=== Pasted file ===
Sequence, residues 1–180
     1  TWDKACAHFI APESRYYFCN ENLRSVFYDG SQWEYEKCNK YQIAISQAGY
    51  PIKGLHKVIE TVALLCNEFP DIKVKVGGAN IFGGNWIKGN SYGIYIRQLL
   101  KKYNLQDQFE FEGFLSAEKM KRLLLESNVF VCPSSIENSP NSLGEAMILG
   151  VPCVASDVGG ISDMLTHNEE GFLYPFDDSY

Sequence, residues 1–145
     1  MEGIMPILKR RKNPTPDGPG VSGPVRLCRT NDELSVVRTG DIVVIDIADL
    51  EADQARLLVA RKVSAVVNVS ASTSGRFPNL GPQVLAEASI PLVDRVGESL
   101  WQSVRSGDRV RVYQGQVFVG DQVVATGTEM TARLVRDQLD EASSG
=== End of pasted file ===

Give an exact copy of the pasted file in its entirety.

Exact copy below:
Sequence, residues 1–180
     1  TWDKACAHFI APESRYYFCN ENLRSVFYDG SQWEYEKCNK YQIAISQAGY
    51  PIKGLHKVIE TVALLCNEFP DIKVKVGGAN IFGGNWIKGN SYGIYIRQLL
   101  KKYNLQDQFE FEGFLSAEKM KRLLLESNVF VCPSSIENSP NSLGEAMILG
   151  VPCVASDVGG ISDMLTHNEE GFLYPFDDSY

Sequence, residues 1–145
     1  MEGIMPILKR RKNPTPDGPG VSGPVRLCRT NDELSVVRTG DIVVIDIADL
    51  EADQARLLVA RKVSAVVNVS ASTSGRFPNL GPQVLAEASI PLVDRVGESL
   101  WQSVRSGDRV RVYQGQVFVG DQVVATGTEM TARLVRDQLD EASSG